17. On the other hand, Section 7 of the Limitation of Actions Act provides that an action may not be brought by any person to recover land after the end of twelve years from the date on which the right of action accrued to him or, if it first accrued to some person through whom he claims, to that person.

18. The general impression of the doctrine of adverse possession has been equated with the actions

of an aggressive squatter whose wrongful possession is eventually validated with the passage of time. It has been held by some jurists that the law as it exists is extremely harsh for the true owner and a windfall for a dishonest person who had illegally taken possession of the property of the true owner. 19. This mediaeval doctrine, which is based both in statutory actions and common law precepts, is

still being practiced in most common law countries including England, Hong Kong and India.

20. During the enactment of the Land Registration Bill 2002 in England, it was reported in Parliament that the Land Registry in England receives over 20,000 applications for registration based on the doctrine of adverse possession and around 60% of those cases succeed (see English Law Commission, “Land Registration Bill and Commentary’ 2001, Law Com No. 271).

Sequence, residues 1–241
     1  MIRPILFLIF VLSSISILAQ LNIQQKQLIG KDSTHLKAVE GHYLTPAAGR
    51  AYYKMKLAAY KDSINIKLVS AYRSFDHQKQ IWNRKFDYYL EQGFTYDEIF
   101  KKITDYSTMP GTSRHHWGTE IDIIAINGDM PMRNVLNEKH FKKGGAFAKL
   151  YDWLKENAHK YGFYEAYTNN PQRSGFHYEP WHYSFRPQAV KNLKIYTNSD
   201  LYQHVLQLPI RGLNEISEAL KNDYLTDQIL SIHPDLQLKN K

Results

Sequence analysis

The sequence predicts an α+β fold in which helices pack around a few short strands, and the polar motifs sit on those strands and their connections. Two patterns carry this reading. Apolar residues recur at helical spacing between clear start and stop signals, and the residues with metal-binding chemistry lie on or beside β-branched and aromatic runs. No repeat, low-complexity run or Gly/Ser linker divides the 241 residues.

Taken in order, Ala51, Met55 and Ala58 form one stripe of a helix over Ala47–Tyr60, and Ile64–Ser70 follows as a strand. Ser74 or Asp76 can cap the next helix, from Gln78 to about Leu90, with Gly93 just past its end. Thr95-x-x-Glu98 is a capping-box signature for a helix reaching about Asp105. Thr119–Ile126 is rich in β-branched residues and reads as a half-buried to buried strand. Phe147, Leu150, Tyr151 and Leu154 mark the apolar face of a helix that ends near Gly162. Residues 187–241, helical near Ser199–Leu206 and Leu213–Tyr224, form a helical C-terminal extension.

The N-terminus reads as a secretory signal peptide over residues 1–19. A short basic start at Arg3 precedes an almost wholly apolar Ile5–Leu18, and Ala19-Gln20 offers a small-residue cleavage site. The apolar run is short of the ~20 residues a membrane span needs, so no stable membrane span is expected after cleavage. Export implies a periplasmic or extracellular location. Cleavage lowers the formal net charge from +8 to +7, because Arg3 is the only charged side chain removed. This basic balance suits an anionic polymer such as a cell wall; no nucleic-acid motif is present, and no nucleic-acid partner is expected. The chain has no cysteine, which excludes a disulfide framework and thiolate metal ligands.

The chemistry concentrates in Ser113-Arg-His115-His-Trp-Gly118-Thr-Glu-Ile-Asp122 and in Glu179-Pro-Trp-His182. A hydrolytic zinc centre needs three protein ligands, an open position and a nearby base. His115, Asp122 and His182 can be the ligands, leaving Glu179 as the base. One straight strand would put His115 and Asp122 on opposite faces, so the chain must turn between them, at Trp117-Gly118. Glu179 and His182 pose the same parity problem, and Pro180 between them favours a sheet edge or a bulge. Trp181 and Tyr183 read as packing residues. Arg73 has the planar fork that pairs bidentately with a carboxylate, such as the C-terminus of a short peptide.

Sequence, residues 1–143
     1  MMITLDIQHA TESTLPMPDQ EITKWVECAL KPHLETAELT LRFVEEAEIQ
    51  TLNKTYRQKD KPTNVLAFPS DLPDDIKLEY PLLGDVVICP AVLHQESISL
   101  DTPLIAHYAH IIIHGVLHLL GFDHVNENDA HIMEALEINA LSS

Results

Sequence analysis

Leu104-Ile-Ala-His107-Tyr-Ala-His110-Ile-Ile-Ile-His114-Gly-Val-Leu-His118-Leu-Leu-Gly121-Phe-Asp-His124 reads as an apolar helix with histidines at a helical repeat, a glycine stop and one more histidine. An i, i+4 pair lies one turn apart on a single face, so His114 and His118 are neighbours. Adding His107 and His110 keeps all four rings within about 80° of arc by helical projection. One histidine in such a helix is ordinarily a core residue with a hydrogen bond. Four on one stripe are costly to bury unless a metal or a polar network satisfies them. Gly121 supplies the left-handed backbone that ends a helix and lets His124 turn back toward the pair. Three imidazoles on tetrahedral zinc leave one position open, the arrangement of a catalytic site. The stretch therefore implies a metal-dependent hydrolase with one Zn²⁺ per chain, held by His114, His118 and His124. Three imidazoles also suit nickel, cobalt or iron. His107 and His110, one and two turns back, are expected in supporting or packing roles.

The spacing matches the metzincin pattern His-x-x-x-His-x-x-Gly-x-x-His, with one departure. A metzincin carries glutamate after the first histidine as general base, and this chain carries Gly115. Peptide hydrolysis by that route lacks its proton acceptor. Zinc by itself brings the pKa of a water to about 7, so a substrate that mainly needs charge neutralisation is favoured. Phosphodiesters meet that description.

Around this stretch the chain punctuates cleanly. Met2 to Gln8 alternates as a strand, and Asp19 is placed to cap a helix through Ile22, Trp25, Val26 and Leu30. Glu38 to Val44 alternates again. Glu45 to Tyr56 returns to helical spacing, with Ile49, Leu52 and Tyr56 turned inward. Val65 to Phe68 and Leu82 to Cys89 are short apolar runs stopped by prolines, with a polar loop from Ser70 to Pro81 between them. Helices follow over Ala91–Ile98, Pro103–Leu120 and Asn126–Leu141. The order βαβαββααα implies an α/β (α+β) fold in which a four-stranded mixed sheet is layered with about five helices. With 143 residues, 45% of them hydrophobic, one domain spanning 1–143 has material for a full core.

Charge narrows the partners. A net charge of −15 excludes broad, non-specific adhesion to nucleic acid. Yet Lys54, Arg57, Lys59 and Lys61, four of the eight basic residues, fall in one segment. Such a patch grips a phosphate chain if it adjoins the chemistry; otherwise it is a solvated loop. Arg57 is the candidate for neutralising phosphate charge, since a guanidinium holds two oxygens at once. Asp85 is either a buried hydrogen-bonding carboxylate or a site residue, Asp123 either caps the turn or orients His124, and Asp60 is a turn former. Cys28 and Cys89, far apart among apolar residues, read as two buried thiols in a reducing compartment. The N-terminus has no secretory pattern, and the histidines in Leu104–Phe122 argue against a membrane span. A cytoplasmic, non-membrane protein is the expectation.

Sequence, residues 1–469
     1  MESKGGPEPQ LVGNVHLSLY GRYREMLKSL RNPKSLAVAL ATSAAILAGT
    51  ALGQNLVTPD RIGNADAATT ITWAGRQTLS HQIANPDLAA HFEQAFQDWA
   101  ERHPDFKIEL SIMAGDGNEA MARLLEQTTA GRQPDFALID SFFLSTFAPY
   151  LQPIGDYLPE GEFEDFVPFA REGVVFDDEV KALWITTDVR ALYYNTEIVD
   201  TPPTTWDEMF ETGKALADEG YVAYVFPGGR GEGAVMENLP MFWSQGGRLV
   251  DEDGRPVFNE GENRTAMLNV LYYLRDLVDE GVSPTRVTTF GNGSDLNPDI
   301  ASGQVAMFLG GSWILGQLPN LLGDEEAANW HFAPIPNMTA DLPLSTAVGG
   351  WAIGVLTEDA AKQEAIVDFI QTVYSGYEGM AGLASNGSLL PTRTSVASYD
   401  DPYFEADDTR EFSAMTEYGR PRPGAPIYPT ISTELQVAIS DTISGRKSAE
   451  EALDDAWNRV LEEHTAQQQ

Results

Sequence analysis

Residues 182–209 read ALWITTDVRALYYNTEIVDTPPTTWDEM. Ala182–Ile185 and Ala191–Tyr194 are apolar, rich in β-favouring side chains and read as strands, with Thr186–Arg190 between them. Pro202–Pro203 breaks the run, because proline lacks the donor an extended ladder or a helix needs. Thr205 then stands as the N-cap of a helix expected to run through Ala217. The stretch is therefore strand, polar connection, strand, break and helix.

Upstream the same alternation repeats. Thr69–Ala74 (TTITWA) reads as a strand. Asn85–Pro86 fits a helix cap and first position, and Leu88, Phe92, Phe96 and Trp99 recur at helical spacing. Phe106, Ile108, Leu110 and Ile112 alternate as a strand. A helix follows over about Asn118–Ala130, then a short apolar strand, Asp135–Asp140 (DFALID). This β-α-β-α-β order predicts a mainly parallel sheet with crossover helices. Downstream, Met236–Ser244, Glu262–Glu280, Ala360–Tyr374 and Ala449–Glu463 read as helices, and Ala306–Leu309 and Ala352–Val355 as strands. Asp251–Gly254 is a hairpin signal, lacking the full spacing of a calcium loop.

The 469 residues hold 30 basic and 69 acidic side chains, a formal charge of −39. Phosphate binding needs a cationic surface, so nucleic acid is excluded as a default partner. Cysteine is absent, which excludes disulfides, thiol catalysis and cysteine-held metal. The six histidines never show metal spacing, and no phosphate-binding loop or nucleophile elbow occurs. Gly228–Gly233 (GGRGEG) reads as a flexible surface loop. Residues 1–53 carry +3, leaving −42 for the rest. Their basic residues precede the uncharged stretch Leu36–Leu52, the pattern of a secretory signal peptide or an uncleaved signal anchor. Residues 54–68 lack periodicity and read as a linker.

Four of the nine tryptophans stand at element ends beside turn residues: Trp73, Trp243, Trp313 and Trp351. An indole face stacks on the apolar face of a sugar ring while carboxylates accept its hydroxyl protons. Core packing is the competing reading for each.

21. According to Megarry, R and Wade, W in The law of Real Property, 6th ed, at page 1304, paragraph 21-003, the period of limitation of pursuing an action was fixed from time to time in relation to particular events or dates of public knowledge, such as the death of Henry 1or the voyage of Henry II into Norinandy. The practice evolved into the Statute of Westminster I, 1275. In 1540, a law was enacted in England limiting the period to a right of action not predicated upon events with the initial period being 20 years before the period was reduced to 12 years in 1874. The period of 12 years was retained with the enactment of the Land Registration Act, 2002. However, the 2002 Act changed the jurisprudence of the doctrine of adverse possession in England by providing for an early warning system to the paper title holder.